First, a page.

Addiction is not just about drink and drugs
Written by listed counsellor/psychotherapist: Noel Bell BA (Hons), MA, PG Dip Psych, UKCP
5th June, 20150 Comments
You would not be alone in viewing addiction as something exclusively related to drink and drugs. Up to quite recently even very eminent medical experts (and many counsellors and therapists for that matter) believed that addiction could be caused only by alcohol and other powerful drugs. However, we know different now. Thanks to advances in neuroimaging technologies, as well as more recent research in the field of neuroscience, we now know that the activities that make us feel good such as sex, gambling and shopping can also co-opt the brain in quite similar ways to drug addiction.
When you are suffering from the negative impacts of active addiction it is not uncommon for partners, family and friends to view your behaviour as selfish, self-centred and that you should “pull yourself together.” It used to be a similar case for people with alcohol and drug problems when society viewed their behaviour too as selfish and indulgent. However, over the years the disease model (as advocated by the 12 Steps of Recovery from Alcoholics Anonymous) has had an important impact upon the addictions treatment field by helping to de-stigmatise alcoholics and substance dependent people. A whole generation of recovering addicts have embraced 12 steps fellowships, free from the stigma of being moral degenerates. The question now is whether problem gamblers and sex addicted people can benefit from a similar de-stigmatising process rather than being seen as selfish, weak and indulgent. Some progress has, of course, been made such as psychiatrists acknowledging pathological gambling as a 'real' problem.
If you or someone close to you is suffering from a process or behavioural addiction it is important to understand the neuroscience of addiction. As a result of active addiction, the brain undergoes a series of changes, beginning with recognition of pleasure and culminating with a drive towards compulsive behaviour. This occurs because the brain computes all pleasures in a similar way, irrespective of whether they begin with a sexual experience, a fancy food, psychoactive drug or a financial reward. Impulse control is compromised given the interaction of the brain's 'happy pills'.The release of the neurotransmitter dopamine in the nucleus accumbens (comprising of nerve cells in a region in the basal forebrain rostral to the preoptic area of the hypothalamus) is so regularly associated with pleasure that neuroscientists allude to it as the brain’s pleasure centre (although it must also be said that dopamine is involved in many other functions in the brain – such as regulating movement and in controlling attention).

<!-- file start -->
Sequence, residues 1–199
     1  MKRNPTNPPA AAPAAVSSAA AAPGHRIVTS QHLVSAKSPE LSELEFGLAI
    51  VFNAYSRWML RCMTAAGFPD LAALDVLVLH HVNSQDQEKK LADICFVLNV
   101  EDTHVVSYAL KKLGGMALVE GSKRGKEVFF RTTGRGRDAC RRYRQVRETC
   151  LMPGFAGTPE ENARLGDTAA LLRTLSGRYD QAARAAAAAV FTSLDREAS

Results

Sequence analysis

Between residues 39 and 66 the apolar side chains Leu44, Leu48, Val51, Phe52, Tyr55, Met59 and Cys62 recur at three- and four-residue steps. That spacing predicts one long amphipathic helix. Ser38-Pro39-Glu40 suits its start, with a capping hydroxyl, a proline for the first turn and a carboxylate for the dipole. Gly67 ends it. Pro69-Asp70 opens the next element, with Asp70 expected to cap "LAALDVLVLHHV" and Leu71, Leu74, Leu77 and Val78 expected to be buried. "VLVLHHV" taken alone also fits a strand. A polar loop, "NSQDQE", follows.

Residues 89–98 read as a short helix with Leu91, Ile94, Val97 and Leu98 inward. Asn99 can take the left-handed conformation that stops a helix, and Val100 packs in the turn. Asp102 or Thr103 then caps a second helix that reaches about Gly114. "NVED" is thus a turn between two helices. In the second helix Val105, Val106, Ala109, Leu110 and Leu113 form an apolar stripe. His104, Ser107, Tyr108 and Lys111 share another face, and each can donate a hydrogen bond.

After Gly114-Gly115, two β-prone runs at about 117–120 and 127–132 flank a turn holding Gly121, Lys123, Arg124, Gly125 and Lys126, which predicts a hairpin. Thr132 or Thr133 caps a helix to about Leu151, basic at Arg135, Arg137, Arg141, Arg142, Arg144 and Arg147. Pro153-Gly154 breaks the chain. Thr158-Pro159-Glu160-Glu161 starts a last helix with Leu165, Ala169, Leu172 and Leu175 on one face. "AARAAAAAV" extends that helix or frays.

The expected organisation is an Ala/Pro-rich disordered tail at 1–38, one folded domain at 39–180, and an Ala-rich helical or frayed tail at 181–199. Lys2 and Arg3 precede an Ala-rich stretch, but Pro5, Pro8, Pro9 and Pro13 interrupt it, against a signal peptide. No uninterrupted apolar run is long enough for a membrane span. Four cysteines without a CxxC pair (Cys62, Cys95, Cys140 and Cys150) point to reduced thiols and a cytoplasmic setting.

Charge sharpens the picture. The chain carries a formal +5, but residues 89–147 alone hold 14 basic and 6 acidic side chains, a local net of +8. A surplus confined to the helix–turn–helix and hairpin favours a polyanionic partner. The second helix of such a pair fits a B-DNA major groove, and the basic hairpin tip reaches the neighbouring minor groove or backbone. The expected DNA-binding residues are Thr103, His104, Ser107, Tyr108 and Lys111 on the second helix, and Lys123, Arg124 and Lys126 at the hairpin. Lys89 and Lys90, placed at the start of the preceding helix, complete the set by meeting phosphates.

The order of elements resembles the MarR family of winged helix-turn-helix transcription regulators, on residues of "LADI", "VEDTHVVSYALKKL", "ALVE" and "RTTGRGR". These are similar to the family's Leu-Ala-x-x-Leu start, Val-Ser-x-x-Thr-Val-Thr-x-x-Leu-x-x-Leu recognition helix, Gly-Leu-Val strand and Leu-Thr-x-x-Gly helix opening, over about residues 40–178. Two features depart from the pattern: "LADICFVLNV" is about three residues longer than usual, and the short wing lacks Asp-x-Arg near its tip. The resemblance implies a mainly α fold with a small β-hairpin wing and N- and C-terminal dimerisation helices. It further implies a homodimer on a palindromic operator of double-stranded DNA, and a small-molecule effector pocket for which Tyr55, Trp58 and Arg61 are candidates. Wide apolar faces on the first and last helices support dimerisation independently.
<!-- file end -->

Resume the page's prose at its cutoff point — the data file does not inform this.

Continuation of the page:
How do you know you are addicted?
You need to be honest with yourself about your addictive behaviour. Denial is when you try to convince yourself and others that you don’t have a problem. However, ask yourself questions such as these:
- Do you have an unhealthy preoccupation with certain behaviours?
- Do you get a thrill at the thought of doing something, especially when you are seeking to escape difficult feelings?
- Do you feel depressed or get angry if you cannot indulge yourself in your chosen repeated behaviour?
- Are you secretive about the amount of time and energy you spend on your chosen activity?
- Do you lie about your activities and behaviour?
- Do you put your job and or relationship at risk by your continued repeated behaviour?
- Have you compromised your moral code or committed an illegal act as a result of your behaviour?
Our ability to handle stress (in medical terms ‘affect dysregulation’) largely influences whether we are prone to adopting addictive behaviours. So, when we have a negative experience with someone, or have a difficult day at work or when we become anxious about a life event, do we deal with that stress in a healthy way (by learning to cope and coexist with the difficult feelings such as talking to trusted friends and ultimately transforming them)? Or do we seek to escape the difficult feelings by triggering addictive behaviours in order to feel good in the short term. A wise person once said “feel good get worse, feel worse, get better." I understand that to mean that short term ‘fixes’, whilst they might offer immediate relief, ultimately make things worse in the long term as our difficult feelings come flooding back with a vengeance.
12 step fellowships (such as SLAA, OA and GA) can offer a peer support and you can benefit from the shared experience and recovery stories within a group. Counselling can help you to bring awareness to your pattern of avoidance and your life choices within a private and confidential setting. However, it will unlikely represent a magic wand. Perhaps you need to acknowledge your difficult feelings and avoid the temptation to escape them. This is why some people say that in therapy it might initially feel like it is getting worse before it feels like it is getting better. It will most likely require a big effort to be honest both with yourself and with your counsellor before you can sustain new and more healthy behaviour patterns. Learning to own your difficult feelings and emotions can be challenging but can offer rich reward when you begin to know yourself better and start to build up your resilience to handle stress and uncover your hidden qualities.
About the author
Noel Bell is a psychotherapist in private practice based in London. He has over 20 years experience of working with the 12 Steps of Recovery.
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